A new research study, led by the University of Nottingham, has studied the connection neurons in the brain have to disorders such as epilepsy.
Scientists from the university found that changes in brain regions can be a predictor of disease progression and could be indicative of whether surgery would be successful.
Dr Kaiser, professor of neuroinformatics at the University of Nottingham, said: “When someone has an epileptic seizure, it ‘spreads’ through the brain.
“We found that local network changes occurred for regions along the main spreading pathways for seizures.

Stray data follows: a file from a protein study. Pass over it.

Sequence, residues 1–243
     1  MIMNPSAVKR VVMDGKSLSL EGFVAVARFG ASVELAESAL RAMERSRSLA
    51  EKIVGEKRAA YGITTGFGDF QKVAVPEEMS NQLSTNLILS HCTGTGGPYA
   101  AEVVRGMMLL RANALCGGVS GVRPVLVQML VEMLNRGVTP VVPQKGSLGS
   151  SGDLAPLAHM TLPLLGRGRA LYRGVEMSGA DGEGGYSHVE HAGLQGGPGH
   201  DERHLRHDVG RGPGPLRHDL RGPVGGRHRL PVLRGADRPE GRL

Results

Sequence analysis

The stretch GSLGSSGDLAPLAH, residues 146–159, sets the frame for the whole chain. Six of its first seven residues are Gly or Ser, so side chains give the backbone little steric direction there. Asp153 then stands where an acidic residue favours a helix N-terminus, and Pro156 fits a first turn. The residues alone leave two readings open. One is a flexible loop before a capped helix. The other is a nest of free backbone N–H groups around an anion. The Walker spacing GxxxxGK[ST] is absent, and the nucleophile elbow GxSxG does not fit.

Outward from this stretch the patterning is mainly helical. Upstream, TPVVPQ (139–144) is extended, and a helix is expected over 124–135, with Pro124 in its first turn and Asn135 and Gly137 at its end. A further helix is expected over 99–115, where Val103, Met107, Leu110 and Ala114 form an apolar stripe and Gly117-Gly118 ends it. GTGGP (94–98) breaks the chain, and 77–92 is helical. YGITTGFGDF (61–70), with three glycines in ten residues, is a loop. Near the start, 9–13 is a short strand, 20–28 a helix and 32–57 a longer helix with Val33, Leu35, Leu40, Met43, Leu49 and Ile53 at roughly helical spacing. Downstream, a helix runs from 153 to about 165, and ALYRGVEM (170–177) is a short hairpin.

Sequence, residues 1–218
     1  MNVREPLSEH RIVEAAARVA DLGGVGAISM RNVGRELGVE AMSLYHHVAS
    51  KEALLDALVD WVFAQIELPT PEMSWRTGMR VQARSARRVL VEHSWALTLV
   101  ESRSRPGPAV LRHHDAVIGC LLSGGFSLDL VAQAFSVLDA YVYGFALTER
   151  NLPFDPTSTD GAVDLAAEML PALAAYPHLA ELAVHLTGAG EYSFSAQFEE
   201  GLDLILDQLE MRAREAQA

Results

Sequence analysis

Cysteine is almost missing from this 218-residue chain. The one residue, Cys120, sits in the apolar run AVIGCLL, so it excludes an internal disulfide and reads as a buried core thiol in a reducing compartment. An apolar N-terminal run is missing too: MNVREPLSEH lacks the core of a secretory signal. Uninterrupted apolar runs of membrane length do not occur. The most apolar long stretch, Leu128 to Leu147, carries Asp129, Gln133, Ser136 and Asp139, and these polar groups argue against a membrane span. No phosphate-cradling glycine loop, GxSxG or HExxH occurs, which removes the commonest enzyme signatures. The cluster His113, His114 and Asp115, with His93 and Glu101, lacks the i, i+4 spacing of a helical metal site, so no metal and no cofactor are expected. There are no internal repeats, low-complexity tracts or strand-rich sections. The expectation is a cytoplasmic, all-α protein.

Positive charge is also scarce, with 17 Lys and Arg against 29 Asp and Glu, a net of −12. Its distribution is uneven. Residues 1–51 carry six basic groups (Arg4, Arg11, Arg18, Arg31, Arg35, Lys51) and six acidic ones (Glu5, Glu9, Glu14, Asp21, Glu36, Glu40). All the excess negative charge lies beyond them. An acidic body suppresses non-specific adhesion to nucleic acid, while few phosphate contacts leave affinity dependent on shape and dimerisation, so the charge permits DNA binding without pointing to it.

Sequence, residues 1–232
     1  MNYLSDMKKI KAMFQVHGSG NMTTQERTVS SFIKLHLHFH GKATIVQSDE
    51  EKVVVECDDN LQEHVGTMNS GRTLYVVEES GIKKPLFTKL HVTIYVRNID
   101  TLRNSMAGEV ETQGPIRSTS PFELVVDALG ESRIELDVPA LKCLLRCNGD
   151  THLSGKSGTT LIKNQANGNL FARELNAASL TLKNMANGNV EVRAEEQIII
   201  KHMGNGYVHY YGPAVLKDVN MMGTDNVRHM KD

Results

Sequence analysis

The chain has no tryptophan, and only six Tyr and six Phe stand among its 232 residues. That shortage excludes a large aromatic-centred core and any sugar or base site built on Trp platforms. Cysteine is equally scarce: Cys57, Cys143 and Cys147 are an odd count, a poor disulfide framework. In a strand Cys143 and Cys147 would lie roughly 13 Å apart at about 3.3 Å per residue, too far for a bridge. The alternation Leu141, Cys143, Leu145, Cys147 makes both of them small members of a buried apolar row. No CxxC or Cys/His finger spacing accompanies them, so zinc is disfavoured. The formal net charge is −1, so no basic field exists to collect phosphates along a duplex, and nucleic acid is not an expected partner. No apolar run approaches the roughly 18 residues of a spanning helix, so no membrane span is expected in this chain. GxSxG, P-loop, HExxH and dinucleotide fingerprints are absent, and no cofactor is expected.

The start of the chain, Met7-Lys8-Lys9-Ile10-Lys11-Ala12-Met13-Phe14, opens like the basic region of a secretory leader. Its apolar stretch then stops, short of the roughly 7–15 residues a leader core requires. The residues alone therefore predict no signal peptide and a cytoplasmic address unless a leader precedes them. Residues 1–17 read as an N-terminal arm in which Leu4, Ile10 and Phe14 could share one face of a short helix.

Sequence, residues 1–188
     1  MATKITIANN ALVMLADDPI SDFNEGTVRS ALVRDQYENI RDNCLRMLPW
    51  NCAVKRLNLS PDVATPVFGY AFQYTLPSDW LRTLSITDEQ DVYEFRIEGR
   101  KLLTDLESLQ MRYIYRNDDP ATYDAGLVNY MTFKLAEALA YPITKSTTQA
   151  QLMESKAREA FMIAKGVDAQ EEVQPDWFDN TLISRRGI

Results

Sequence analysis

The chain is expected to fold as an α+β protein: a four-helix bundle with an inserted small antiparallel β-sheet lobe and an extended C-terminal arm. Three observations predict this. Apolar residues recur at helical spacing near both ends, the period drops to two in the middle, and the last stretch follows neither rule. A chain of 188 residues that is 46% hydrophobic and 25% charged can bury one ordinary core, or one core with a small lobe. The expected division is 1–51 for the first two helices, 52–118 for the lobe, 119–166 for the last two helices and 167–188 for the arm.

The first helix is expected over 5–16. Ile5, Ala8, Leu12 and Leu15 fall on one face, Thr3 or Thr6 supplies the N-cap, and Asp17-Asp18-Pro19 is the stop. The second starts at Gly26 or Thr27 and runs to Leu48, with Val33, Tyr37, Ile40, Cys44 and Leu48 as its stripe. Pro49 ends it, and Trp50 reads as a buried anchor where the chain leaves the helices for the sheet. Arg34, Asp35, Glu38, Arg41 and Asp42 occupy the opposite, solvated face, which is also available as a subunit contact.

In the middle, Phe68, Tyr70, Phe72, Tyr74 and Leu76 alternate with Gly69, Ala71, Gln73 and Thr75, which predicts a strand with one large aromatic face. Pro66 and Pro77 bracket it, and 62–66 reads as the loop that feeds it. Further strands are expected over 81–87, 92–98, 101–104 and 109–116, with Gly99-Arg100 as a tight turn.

“Importantly, regions far away from the starting point of the seizure, for example in the opposite brain hemisphere, were involved.
“This indicates that the increased brain activity during seizures leads to changes in a wide range of brain regions.
“Furthermore, the longer patients suffered, the more regions showed local changes and the more severe were these changes.”
The researchers working on the study at Nottingham, Newcastle, Qingdao, Shanghai and Munich studied 33 temporal lobe epilepsy patients and 36 age and sex-controlled patients.
The patients underwent a pre-surgical evaluation to identify any pre-existing neurological conditions.
The study concluded that patients without epilepsy and other neurological conditions suffered less changes to the neurons in the brain than those with pre-existing conditions.
The full study can be found here: https://www.nottingham.ac.uk/news/new-research-could-lead-to-better-treatment-for-epilepsy
Main picture credit: Barry Mangham